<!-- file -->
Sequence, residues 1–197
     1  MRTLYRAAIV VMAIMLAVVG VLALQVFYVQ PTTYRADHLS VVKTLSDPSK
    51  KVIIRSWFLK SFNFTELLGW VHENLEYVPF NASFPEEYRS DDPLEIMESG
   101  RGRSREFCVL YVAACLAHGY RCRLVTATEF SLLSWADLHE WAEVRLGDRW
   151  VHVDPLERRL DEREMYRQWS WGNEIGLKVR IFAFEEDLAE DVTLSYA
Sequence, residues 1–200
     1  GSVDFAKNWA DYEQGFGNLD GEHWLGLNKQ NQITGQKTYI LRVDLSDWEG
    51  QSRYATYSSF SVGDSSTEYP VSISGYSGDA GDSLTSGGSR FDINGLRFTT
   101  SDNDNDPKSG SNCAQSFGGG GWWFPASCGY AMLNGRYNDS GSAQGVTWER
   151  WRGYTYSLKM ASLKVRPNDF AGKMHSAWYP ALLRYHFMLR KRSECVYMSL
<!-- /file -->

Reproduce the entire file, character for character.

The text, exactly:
Sequence, residues 1–197
     1  MRTLYRAAIV VMAIMLAVVG VLALQVFYVQ PTTYRADHLS VVKTLSDPSK
    51  KVIIRSWFLK SFNFTELLGW VHENLEYVPF NASFPEEYRS DDPLEIMESG
   101  RGRSREFCVL YVAACLAHGY RCRLVTATEF SLLSWADLHE WAEVRLGDRW
   151  VHVDPLERRL DEREMYRQWS WGNEIGLKVR IFAFEEDLAE DVTLSYA
Sequence, residues 1–200
     1  GSVDFAKNWA DYEQGFGNLD GEHWLGLNKQ NQITGQKTYI LRVDLSDWEG
    51  QSRYATYSSF SVGDSSTEYP VSISGYSGDA GDSLTSGGSR FDINGLRFTT
   101  SDNDNDPKSG SNCAQSFGGG GWWFPASCGY AMLNGRYNDS GSAQGVTWER
   151  WRGYTYSLKM ASLKVRPNDF AGKMHSAWYP ALLRYHFMLR KRSECVYMSL